At the time, I was in the middle of a work project that would take at least 3 more weeks to complete. So, being a conscientious developer, I sent an email to the business owner for the project letting them know my contract had been terminated and that I would have to stop my work in order to transfer the knowledge on the project to one of the team’s full-time developers, who would then have to complete the current tasks. Having provided a professional update, I thought nothing of it and started writing up docs for the KT.

The next day I was informed that my termination had been delayed by 30 days so that I could complete the work. The “update” came via my team lead as my “boss” refused to speak with me, even by email.

Apparently, the business owner had decided it was too important to delay the project and had gone over my boss’ head and demanded I be kept to finish the current work tasks. As if her hatred of contractors wasn’t strong enough as it was.

Moral of the story: By demonstrating my worth to the business owner, I was able to delay my near-immediate termination, gain several weeks to find a new position, and piss off a nut-job boss all in one fell swoop.

The Startup

The last example comes from the job I had before my current one. I joined a “startup” as their new tech person. I say startup because they were still small and the app wasn’t well developed, even though they’d been in business something like 6 or 7 years already.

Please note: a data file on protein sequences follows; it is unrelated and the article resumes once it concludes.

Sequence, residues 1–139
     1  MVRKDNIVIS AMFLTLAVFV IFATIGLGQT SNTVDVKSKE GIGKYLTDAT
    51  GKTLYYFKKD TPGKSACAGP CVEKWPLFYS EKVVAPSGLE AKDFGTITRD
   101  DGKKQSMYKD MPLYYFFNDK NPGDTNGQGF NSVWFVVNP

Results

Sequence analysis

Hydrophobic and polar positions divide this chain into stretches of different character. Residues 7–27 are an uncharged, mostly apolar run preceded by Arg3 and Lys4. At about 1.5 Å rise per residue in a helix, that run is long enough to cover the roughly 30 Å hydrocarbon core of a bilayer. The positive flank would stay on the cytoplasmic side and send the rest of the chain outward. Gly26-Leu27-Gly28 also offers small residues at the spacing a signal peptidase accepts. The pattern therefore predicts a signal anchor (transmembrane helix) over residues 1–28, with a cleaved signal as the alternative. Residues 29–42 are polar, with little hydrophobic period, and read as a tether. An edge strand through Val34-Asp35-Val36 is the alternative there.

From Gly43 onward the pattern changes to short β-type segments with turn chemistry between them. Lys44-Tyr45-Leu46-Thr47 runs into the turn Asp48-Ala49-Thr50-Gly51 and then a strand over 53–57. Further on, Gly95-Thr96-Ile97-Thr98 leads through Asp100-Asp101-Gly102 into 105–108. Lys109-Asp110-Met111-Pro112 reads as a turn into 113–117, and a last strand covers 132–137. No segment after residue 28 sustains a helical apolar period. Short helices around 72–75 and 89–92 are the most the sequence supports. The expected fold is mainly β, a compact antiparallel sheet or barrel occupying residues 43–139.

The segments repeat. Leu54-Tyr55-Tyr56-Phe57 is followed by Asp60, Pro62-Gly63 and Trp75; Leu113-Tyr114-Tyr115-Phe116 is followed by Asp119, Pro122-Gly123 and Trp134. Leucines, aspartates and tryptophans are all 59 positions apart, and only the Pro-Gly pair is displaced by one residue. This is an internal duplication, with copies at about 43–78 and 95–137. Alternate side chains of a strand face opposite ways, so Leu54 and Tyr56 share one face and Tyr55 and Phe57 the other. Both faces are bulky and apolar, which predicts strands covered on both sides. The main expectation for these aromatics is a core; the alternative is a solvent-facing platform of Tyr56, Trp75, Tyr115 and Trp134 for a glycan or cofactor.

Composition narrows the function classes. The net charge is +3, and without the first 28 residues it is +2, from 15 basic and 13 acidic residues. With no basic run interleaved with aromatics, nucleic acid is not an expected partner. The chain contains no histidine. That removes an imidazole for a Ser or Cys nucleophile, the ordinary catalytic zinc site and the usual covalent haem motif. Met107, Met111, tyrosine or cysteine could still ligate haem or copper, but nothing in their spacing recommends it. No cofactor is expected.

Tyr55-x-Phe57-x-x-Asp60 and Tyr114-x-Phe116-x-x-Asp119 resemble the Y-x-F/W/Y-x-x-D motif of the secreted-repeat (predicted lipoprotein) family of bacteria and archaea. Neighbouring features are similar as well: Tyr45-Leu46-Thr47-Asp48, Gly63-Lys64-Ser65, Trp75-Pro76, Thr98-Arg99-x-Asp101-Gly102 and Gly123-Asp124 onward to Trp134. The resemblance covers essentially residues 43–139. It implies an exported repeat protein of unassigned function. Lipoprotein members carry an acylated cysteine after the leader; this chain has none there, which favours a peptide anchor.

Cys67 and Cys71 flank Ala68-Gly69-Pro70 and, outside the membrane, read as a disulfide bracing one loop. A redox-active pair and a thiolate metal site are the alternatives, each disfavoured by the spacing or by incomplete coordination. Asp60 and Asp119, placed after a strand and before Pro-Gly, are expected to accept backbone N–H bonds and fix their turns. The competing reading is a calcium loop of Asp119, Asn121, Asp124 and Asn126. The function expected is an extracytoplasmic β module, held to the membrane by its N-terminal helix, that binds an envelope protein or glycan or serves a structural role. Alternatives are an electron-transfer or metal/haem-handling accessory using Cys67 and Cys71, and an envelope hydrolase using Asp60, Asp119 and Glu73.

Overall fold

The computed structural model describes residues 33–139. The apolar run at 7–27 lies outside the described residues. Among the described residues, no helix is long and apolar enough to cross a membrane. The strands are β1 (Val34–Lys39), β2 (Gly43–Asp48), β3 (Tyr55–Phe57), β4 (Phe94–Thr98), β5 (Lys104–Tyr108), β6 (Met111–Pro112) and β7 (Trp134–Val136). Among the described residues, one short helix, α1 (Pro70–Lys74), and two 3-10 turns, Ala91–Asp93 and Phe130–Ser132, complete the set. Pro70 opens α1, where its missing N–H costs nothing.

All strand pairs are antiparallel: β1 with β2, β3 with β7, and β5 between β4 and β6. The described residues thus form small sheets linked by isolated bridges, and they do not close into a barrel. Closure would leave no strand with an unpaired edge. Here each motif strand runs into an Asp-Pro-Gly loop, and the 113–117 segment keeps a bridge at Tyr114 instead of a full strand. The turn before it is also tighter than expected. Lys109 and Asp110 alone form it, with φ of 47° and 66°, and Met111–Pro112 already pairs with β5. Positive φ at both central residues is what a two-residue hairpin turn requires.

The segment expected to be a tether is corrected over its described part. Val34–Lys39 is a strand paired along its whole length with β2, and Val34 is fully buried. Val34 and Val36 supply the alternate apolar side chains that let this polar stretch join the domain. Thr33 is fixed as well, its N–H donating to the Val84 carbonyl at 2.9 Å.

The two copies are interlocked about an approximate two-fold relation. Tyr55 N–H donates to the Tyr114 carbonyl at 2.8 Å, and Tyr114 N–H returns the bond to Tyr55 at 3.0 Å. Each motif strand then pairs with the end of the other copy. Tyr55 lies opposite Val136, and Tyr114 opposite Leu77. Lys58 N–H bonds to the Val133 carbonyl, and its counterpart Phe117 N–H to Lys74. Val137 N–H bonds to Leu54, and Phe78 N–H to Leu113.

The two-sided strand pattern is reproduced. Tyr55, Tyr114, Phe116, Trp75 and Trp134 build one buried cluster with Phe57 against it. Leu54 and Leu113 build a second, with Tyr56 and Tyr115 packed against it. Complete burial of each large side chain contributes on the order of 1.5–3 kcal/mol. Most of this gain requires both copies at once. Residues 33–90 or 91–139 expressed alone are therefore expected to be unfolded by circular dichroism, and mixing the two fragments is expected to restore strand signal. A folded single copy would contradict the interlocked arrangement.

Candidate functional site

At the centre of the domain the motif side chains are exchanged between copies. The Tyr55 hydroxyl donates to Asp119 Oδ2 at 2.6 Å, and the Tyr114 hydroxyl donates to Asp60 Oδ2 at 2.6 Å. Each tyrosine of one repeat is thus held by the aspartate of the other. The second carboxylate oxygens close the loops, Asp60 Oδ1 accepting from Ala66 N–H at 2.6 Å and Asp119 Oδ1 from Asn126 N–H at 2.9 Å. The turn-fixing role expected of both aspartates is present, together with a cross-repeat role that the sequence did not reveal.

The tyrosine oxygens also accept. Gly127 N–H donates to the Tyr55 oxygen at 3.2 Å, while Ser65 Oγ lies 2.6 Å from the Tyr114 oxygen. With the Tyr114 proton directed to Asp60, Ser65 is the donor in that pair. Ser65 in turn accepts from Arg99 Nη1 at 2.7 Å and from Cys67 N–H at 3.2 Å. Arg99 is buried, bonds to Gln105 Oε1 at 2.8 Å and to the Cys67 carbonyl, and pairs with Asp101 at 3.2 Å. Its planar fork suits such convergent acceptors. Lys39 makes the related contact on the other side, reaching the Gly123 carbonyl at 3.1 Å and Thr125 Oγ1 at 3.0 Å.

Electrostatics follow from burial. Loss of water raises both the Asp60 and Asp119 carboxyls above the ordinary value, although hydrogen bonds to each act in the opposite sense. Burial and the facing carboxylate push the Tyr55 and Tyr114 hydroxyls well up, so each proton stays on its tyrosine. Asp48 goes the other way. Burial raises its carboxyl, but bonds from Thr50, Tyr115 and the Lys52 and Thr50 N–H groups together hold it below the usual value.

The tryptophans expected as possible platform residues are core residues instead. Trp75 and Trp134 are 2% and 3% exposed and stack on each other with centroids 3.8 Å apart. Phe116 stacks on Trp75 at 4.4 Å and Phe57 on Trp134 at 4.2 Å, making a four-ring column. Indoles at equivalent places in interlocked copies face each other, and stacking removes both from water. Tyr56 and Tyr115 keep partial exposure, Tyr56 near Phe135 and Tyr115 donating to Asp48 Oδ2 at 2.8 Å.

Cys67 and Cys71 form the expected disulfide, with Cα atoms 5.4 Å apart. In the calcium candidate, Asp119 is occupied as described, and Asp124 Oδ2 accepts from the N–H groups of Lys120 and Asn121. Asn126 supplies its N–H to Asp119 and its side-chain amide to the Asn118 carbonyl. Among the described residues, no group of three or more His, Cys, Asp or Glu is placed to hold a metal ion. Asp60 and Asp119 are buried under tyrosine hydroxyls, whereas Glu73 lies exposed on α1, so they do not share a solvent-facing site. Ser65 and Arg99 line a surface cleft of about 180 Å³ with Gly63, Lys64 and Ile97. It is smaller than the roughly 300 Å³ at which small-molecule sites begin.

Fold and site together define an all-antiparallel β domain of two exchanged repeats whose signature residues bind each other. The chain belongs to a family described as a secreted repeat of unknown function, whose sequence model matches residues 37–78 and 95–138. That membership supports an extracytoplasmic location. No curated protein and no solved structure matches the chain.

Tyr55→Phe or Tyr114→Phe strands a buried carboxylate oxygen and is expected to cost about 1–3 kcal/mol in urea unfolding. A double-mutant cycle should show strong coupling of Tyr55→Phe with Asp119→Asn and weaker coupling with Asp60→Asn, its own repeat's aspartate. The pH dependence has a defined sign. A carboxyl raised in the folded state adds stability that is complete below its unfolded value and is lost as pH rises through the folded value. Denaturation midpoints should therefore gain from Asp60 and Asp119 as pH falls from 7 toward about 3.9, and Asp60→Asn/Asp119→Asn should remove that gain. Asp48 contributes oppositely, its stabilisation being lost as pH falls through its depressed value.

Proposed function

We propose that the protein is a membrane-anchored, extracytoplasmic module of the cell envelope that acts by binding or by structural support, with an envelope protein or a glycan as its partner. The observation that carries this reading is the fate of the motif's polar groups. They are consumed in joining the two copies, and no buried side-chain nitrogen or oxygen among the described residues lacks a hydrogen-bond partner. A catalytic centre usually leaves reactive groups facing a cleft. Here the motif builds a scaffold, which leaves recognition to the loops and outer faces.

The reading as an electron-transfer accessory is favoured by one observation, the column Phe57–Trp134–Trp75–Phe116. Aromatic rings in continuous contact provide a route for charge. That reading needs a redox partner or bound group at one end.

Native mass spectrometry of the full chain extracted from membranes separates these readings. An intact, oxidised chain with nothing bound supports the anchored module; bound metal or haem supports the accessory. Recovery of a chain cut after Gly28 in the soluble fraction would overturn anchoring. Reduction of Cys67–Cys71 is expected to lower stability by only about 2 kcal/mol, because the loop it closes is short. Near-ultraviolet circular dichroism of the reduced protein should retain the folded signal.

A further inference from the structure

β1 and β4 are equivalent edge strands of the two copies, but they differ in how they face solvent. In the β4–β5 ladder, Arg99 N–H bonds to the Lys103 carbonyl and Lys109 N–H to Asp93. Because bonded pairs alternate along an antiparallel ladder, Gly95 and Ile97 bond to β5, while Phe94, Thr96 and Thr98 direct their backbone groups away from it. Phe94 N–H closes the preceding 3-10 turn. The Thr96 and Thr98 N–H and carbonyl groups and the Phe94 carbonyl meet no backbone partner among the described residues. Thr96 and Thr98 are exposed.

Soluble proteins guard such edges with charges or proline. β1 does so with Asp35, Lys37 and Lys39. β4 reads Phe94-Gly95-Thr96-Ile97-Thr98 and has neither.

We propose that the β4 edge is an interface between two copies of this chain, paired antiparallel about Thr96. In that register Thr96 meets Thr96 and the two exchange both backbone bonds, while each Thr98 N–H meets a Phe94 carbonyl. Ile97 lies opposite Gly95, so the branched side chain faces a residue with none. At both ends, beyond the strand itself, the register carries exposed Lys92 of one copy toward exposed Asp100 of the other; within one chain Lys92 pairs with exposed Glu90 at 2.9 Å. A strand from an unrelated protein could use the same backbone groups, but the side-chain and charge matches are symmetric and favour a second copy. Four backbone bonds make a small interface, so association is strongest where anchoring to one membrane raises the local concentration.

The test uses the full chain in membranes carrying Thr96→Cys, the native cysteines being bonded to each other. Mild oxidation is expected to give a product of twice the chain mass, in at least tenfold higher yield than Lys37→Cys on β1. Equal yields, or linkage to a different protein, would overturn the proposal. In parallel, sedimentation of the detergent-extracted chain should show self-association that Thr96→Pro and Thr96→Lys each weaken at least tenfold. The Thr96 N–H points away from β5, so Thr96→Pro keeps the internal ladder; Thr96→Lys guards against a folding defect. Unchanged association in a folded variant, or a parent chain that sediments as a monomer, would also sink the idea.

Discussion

They’d reached a point of maturation and were ready for the next phase. I was brought in to re-architect the application, move it to the cloud, make it scalable, and prepare it to move into the next phase.

Long story short, I spent a bit over two years doing just that, taking the app to the next generation and building up a team of people reporting to me to develop and support it. We even moved into a nice, shiny new office.

Less than a month later, the sky fell in. It was discovered that there were alleged financial improprieties by someone who shall rename nameless (but their position rhymed with Me-E-Oh) and instead of being a profitable company on the verge of being bought out by a major industry player, we were suddenly multiple millions in debt and unable to pay the bills, most likely including the next payday of salaries.

There was a general staff meeting run by a couple of the board members where all this was laid out to us. I met with my team a short time later and basically told them to go home and work on their resumes as most likely the company wasn’t going to exist for long. After I sent my team home, the senior leadership (including myself) gathered to discuss our options.

During the two years I worked there, we had grown from a team of 8 to more than 30 people. The day after the news, we went from a team of 30+ to 11. A day or two after that, we gathered a few vans and trailers and salvaged everything we could from our nice shiny new office. A lot of things had to be abandoned. Only the essentials went with us.

Those of us who remained worked the next few weeks without any expectation of getting paid. We believed in the company and its mission. We were determined to try and keep it alive if we could, knowing that if we couldn’t obtain some funding soon, we would have worked that time for nothing.